05 Mar What is CIPP? – Cured-In-Place-Pipe Lining
So you are wondering what CIPP is. CIPP stands for Cured-In-Place-Pipe Lining and has been a method of pipe repair and restoration for over 35 years in the US. This method is commonly referred to as Trenchless Technologies or Trenchless Pipe Repair and has been an approved and is the preferred method of rehabilitation for broken, cracked or damaged sewer pipes, especially for large industries. This lining is a more efficient method for pipe repair than the typical open cut methods of pipe replacement. Additionally, it is less expensive than pipe replacement and does not cause any sort of surface disruption that may require digging up sidewalks or driveways. This method can be used on virtually any variety of piping, including cast iron, clay, PVC, concrete, ABS, Orangeburg, HDPE and corrugated metal pipes. The CIPP lining process was actually established in England, and quickly becoming a popular and cost effective way to repair different pipe problems.
The CIPP liners are composed of layers of tubes that feature non-woven polyester felt and an exterior coating of polyurethane. The material then undergoes a process referred to as wet-out in order to add a flexible strength to the liner. When the wet-out process is completed it must be transferred to the site of installation. The CIPP liner is then positioned into the original pipe by either air or water inversion or can be winched into the proper position. Once the CIPP liner is in the proper position it is then inflated by a steady stream of air pressure or a column of water, which will actually press the lining material into the wall of the host pipe. Once the CIPP liner has become completely inflated the installers then circulate hot water or steam in order to activate the thermosetting resin material, in order for it to harden. Once the hardening has completely set, its temperature is slowly reduced, which is necessary in order to prevent the CIPP lining from shrinking (before/after video).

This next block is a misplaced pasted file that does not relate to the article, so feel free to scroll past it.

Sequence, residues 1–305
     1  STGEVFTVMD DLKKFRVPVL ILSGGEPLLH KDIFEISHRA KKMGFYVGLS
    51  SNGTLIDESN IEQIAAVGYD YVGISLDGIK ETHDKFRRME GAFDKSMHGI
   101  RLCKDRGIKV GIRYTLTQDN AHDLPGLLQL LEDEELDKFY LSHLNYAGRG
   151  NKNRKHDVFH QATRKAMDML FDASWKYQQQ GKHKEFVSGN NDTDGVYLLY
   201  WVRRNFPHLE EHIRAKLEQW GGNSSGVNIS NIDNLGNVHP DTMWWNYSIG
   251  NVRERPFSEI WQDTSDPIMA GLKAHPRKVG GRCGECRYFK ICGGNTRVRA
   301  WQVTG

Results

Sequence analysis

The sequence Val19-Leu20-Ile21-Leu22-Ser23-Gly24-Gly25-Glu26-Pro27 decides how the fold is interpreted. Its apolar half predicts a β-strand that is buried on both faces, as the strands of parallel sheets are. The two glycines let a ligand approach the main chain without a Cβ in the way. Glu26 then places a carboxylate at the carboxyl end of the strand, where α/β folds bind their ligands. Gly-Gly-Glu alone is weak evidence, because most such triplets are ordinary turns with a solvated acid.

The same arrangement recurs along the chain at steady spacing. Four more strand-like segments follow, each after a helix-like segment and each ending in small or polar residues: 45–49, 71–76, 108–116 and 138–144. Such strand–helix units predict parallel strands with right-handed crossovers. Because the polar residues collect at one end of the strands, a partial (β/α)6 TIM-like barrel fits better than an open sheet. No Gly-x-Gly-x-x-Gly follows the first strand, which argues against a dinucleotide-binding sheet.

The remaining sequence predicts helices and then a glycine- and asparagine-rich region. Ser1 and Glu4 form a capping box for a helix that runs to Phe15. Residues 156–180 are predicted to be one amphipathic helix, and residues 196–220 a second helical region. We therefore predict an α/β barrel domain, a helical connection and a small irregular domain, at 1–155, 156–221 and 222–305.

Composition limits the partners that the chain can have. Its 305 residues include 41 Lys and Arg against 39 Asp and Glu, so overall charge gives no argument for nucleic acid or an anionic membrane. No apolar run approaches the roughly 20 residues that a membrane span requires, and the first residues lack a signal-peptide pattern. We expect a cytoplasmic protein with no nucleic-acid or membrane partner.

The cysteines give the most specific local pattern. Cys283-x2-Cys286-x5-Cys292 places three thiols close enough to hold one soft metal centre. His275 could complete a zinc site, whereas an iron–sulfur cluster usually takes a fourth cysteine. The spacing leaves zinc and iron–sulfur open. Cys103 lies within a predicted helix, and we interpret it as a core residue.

When the CIPP liner is properly installed the result is a “new pipe within an old pipe.” These liners are actually designed so that they are strong and stable independently and do not rely on the original pipe for any support or structural contribution. While the addition of a CIPP liner will actually reduce the overall diameter of the original pipe, this reduction is made up by the increased flow surface of the CIPP liner. This method can actually fix a number of different pipe problems. Some of the most common include root infiltration, inflow and sewer infiltration problems as well as pipes that have been offset at the joints or that feature missing pieces of pipe.